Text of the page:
In ARINC-424 17 specification, under 7.2.6 Terminal Waypoints subsection A the "Airport/Heliport or Runway/Helipad related Terminal Waypoints" naming conventions are described. It describes the steps to be taken in order to avoid duplicates.

For example: a final approach fix (FAF in short) on runway 36 for example, will be named FF36 which works either for "Single Approach Procedure" or approaches that share a "common waypoint". If the common waypoint idea can't be applied, then the second letter becomes the route type described in section 5.7. So the FAF for a VOR approach on 36 will be FV36, for an ILS on 36 FI36 and so on and so forth.

But here lies the problem (which unfortunately I am currently facing): what if there are more than one approaches of the same type on the same runway that can't share the same points? I have 2 VOR approaches where all points IAF, IF, FAF etc. do not coincide. According to the spec:

waypoint identifiers will be unique only for the airport specified; a waypoint identifier used in a terminal area cannot be repeated in that terminal area

I could get away with it as there are is no parallel runway and I can start adding numbers (eg FV361, FV362 etc.) and it won't make any significant difference as these points will be used for simulation purposes and I have a couple of ways to "cheat". Though knowing what happens in reality will add to the simulation realism.

  • $\begingroup$ Which airport is this? $\endgroup$
    – Bianfable
    Sep 7, 2022 at 8:48
  • $\begingroup$ @Bianfable it's LGEL but unfortunately I can't provide you with maps as the one of the 2 approaches in question is in military AIP and is not public. The other can be found here (link will most probably expire in the next AIRAC update). Let me know if you find the one published helpful and I will update the question. $\endgroup$ Sep 7, 2022 at 8:52
  • $\begingroup$ OK, my navigation data for LGEL shows 3 VOR approaches: VOR Y RWY 36L, VOR A RWY 36L and VOR W RWY 36R. Not sure if any of these is the military procedure you mean. I could write an answer containing the names of the CD and FD waypoints on these procedures. Would that help? $\endgroup$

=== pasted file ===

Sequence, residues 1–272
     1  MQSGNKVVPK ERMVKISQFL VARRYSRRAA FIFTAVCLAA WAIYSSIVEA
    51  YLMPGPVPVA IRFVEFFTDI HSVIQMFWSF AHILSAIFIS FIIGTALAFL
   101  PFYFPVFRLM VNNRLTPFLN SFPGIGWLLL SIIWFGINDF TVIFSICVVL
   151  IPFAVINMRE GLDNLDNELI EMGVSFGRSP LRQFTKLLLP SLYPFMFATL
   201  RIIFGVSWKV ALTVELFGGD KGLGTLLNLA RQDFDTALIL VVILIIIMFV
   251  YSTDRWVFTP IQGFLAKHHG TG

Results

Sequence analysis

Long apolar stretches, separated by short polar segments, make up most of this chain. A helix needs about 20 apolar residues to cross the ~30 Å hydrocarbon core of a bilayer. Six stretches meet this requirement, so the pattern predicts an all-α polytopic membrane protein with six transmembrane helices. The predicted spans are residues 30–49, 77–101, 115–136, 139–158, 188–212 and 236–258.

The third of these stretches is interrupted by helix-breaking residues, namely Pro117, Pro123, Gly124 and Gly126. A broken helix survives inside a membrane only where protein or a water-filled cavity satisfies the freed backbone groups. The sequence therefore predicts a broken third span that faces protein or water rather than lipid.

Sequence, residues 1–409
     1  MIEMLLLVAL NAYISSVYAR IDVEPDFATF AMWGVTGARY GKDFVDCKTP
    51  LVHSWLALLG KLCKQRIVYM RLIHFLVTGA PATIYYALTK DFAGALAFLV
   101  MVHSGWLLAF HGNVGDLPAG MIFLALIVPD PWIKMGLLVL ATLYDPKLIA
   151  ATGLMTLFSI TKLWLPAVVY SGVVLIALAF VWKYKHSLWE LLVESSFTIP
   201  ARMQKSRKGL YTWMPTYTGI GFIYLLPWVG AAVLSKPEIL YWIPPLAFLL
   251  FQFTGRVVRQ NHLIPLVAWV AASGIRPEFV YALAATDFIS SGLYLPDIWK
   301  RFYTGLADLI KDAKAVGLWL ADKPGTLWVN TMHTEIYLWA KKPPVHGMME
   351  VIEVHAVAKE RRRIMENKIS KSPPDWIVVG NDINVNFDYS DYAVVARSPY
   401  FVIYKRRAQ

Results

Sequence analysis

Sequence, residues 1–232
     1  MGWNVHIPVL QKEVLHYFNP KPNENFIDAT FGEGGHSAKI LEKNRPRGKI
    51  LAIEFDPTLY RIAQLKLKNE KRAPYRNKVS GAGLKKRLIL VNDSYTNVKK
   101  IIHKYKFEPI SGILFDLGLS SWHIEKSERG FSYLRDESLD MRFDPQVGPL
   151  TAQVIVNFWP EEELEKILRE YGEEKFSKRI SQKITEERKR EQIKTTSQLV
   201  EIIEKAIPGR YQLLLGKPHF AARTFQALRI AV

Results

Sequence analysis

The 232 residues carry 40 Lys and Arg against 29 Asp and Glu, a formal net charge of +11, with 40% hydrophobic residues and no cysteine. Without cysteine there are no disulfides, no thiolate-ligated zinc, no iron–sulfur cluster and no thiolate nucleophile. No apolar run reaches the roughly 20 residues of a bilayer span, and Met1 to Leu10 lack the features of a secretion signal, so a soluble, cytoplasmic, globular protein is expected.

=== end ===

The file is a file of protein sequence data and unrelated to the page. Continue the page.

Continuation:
– Bianfable
    Sep 7, 2022 at 8:58
  • $\begingroup$ Duh I forgot. They are doing works and they converted a taxiway to runway and named it 36L. Sure the names for VOR Y RWY 36L and VOR A RWY 36L will be helpful as long as they don't have coinciding points. I only have VOR Y not VOR A so I can't tell immediately if it will help. $\endgroup$ Sep 7, 2022 at 9:11

1 Answer 1


Based on your example of LGEL, I found 3 VOR approaches in my navigation database with the following points:

Approach Cx Name Fx Name Mx Name
D36RW CD36 FD36 MD36

As you can see, the VOR W RWY 36 R approach (where you also linked the chart) uses the normal naming convention for a runway 36. The VOR A is the circle to land approach using the same waypoints. The interesting one is the VOR Y RWY 36 L approach, which uses different waypoints. The naming now uses only the first digit of the runway number (3 instead of 36), followed by L for 36L and then the letter of the approach (here Y).

This allowed me to search my navigation database for similarly named waypoints and sure enough I found a good example, where there are 2 approaches to the same runway using a different waypoint at LIRP (Pisa San Giusto):

Approach Cx Name Fx Name Mx Name

As you can see, both approaches use the same final approach fix (Fx) and missed approach fix (Mx), but a different final approach course fix (Cx) using the naming convention described above.

The same convention can also be applied when there is no left/right/center. E.g. EBBR (Brussels) uses Cx waypoints CD25Y and CD25Z for runway 25.

My copy of the ARINC 424 standard does not describe this convention, but apparently this is what Jeppesen uses.

  • $\begingroup$ Ah indeed this is ingenious. +1 from me. I hope you don't mind if I wait for 1 day before accepting. I'd like to avoid discouraging someone else from answering, if they have another bit of information to add -though I doubt it :). $\endgroup$ Sep 7, 2022 at 9:36
  • 1
    $\begingroup$ @SteliosAdamantidis Sure, no problem. Maybe someone will find where this is actually documented... $\endgroup$
    – Bianfable
    Sep 7, 2022 at 9:39

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